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NCJ Number: 169300 Find in a Library
Title: Discretion, Functionalism and Conflict
Author(s): F Sanders
Date Published: 1992
Page Count: 61
Sponsoring Agency: University of Exeter
London, SW8 5DT, England
Publication Number: ISBN 1872383-50-8
Sale Source: University of Exeter
P.O. Box 276
London, SW8 5DT,
United Kingdom
Type: Literature Review
Language: English
Country: United Kingdom
Annotation: This paper reviews the literature on police discretion in the United Kingdom.
Abstract: The author advises that discretion is a complex concept and cannot be understood without first understanding the political, social, and psychological context of modern policing. This paper considers these interrelated areas and identifies the links between them. A review of definitions of police discretion notes that there is no legal definition of the term, but the most widely quoted definition is that of Kenneth Culp Davis: "A public officer has discretion whenever the effective limits on his power leave him free to make a choice among possible courses of action or inaction." A review of the law and discretion notes that the law recognizes that discretion is a necessary and crucial part of police work, but also recognizes that there are limits to this discretion that are defined by the courts. Two models of the police use of discretion are identified in the literature. The functionalist model suggests that discretion is the essence of policing and that police officers could not perform their duties without exercising discretion. The conflict model argues that society is permeated by class conflict, with the police representing the dominant class; thus, police discretion will inevitably be used to discriminate against minorities. Some argue that police discretion should be neither accepted nor encouraged, since it involves a failure to enforce the law in a consistent and predictable manner. One section of this paper examines whether there are any grounds for believing that the police make decisions that victimize a particular section or sections of society. The exercise of discretion is apparently dependent on a number of variables that may include race and class, but other factors such as age, gender, demeanor, offense seriousness, and victim attitude may also play a part in police decisions. Another section of the paper examines the effects of police culture and officers' attitudes in terms of how they may be formed, modified, or changed and how this may affect their decisions. The concluding section explores the effects of the police organization on discretion in terms of both providing a framework for individuals to operate and a structure designed to both limit and control the use of police discretion. 293 references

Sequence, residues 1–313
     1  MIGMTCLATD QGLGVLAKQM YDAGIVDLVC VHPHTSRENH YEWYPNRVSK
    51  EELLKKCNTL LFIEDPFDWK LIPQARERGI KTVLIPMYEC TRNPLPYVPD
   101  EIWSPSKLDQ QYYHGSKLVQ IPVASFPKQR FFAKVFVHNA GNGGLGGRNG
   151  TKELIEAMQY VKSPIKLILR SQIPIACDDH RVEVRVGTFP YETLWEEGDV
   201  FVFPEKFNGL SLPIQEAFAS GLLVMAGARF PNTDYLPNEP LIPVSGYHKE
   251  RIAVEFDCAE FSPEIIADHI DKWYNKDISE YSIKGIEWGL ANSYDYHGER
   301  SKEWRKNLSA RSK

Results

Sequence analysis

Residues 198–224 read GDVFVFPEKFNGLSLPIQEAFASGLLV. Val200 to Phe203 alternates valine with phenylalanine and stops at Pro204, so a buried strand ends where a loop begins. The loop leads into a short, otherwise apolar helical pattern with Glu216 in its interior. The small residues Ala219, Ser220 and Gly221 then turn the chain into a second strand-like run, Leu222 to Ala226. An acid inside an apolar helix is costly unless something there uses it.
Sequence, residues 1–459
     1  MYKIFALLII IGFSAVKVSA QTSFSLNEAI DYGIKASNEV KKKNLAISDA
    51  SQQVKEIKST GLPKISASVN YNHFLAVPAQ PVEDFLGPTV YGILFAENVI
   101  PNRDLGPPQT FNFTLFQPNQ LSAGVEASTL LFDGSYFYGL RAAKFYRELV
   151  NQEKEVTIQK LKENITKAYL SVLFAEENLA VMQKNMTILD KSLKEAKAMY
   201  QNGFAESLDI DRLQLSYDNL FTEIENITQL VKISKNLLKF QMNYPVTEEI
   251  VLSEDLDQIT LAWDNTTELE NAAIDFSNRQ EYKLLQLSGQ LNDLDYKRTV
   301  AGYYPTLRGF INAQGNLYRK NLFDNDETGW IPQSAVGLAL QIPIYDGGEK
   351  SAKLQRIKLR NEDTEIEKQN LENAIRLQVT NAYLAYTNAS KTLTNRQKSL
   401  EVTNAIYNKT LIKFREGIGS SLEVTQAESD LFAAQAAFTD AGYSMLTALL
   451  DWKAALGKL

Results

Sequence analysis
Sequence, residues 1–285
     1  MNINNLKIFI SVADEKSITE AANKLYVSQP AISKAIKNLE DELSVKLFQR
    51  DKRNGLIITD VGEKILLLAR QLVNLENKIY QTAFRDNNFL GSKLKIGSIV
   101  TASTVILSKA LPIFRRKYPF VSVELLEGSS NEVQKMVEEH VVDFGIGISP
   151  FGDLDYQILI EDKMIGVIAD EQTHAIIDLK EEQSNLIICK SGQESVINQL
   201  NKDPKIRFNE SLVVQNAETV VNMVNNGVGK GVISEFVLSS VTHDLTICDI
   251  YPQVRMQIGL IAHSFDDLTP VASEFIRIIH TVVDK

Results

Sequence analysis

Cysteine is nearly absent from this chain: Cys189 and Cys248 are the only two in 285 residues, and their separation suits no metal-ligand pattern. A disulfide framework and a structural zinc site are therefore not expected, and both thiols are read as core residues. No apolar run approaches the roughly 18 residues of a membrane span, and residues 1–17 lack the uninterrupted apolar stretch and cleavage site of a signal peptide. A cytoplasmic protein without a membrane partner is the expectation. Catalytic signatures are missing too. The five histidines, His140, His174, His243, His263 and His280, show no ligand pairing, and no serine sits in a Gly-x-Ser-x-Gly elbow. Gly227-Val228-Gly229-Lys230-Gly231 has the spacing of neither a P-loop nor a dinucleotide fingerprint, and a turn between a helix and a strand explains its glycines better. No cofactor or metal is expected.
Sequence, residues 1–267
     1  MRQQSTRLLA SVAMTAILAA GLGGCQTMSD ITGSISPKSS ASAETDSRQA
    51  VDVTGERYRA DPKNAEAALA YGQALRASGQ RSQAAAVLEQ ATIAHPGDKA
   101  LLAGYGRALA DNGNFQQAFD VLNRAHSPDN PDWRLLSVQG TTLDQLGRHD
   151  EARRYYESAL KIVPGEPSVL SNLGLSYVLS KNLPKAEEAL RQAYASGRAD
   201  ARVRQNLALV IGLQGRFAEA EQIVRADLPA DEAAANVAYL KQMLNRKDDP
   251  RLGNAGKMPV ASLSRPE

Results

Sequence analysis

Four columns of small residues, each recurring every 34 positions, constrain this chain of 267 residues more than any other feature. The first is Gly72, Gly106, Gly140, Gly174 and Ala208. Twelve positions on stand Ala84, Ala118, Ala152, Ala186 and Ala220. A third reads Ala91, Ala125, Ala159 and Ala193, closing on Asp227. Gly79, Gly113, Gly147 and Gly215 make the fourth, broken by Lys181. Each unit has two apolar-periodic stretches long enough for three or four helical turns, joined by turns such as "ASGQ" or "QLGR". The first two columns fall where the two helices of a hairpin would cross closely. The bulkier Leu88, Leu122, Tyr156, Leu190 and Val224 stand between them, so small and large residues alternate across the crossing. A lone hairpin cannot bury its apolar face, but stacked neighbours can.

Main Term(s): Police discretion
Index Term(s): Discretionary decisions; Discrimination; Foreign police; Police attitudes; Police-citizen interactions
Note: Brookfield Papers No. 10.
To cite this abstract, use the following link:
http://www.ncjrs.gov/App/publications/abstract.aspx?ID=169300

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